London is the best city in the world. It offers something for everyone. I loved it when I was a teenager, and I still do now that I am a mom of two. Showing the children around my most favourite city brings me bucket loads of joy and happiness.
There is so much to see and to do in London with children, you won’t get bored. And there is, of course, something for everyone: exciting museums, wonderful attractions, beautiful palaces, exotic restaurants, and funky shops.
If you are still looking for some more off-the-beaten-path things to do with your kids in London, I am giving you here three days packed with fun and excitement that won’t break the bank.
Tip: To get around London, do make use of public transport. Children under the age of 15 years can ride the tube for free. They just need to be accompanied by a paying adult. Just buy a TravelPass in the morning and take the family-sized gates when entering and leaving the stations.
Day 1: Being a Regular Tourist
If you or the children have never been to London before, it does make sense to start off the day with some of the more common sights. This helps get a sense of orientation and it takes some of the pressure off. The children will probably have heard of attractions like Tower Bridge and Big Ben, and they may want to see them with their own eyes before they are receptive enough for the more hidden gems along the way.
I suggest starting your visit with one of London’s excellent museums though. Most of them are free, which is fantastic for families. You should start early in the morning because museums and attractions in London tend to get busy during the day and in particular when travelling with children you want to avoid the queues. Be prepared for at least one queue wherever you go these days, for the security check.
British Museum With Kids
We decided to visit the British Museum, simply because the children wanted to go there. I find it important to discuss options with the children before arriving at a destination to give them the feeling of having their say and to give them something they really want.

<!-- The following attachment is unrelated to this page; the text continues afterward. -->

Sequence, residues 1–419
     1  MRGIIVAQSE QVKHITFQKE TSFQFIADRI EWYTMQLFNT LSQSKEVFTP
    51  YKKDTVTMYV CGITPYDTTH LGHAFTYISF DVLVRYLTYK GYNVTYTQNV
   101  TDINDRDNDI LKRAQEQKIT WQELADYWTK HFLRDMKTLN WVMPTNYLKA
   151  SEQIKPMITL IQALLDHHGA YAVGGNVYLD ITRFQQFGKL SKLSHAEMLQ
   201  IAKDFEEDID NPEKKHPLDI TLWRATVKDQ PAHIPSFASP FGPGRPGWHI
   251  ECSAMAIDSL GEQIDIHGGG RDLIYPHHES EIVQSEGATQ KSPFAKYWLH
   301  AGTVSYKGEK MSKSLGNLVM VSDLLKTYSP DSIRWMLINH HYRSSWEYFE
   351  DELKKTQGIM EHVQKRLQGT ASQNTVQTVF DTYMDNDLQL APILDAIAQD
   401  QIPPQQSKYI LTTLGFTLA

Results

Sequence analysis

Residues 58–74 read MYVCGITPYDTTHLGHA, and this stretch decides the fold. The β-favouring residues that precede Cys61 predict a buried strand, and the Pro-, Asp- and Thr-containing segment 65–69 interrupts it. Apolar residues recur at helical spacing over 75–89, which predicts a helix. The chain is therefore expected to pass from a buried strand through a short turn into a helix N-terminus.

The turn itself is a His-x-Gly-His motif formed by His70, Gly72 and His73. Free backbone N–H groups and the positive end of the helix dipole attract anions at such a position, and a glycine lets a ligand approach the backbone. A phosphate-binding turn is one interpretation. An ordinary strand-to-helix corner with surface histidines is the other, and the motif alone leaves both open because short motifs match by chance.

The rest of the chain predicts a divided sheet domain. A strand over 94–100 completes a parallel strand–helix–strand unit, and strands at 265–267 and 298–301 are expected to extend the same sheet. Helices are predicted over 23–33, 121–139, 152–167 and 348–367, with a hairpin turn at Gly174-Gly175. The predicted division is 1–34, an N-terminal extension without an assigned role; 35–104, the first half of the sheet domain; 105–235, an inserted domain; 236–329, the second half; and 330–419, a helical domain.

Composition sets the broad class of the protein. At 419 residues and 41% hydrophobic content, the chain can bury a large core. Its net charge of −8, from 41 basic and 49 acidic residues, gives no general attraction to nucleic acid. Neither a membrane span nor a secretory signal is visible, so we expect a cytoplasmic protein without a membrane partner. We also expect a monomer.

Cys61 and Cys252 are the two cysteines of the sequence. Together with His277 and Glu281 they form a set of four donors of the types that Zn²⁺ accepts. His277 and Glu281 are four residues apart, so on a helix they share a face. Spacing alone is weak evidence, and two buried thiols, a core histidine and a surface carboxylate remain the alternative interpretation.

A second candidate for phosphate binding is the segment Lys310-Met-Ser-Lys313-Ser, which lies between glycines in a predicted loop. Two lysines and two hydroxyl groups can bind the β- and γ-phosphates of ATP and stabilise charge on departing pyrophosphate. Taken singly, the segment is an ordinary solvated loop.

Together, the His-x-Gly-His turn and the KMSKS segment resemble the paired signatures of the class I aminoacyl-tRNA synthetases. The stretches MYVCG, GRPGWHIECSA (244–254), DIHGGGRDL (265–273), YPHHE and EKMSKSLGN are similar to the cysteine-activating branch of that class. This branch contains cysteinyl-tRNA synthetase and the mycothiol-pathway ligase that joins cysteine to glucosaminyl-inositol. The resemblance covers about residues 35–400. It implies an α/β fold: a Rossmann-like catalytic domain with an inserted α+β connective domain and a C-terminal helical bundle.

As it turned out, the British Museum was an excellent choice, as it has the perfect mix of things to see, including old coins, Viking helmets, mummies, and ancient temples. There is also extra material for children at the British Museum, so take the time to speak to the staff at the information desk when you arrive.
There are much more museums in London that kids will love, in particular, the Natural History Museum, the Victoria and Albert Museum, and Tate Modern. All of which are free. For more information, have a look at this website.
Coca-Cola London Eye & South Bank
After a visit to the museum, it’s time to see London from above. There are a couple of places where you can do that, for example, you can visit the observation deck of the tallest skyscraper, The Shard. Or you can add some fun to the experience by riding a moving observation platform. We are talking of course about The London Eye.
We were invited to test the Coca-Cola London Eye for this blog, and I have to say it was a worthwhile experience for us, and the children loved every minute of it. The main reason for this was that the London Eye is located in one of the best spots to see the most iconic London sights such as Westminster and Big Ben, Buckingham Palace, and even the Tower Bridge. Plus, there was also a 4D movie show to add another flavour to the experience.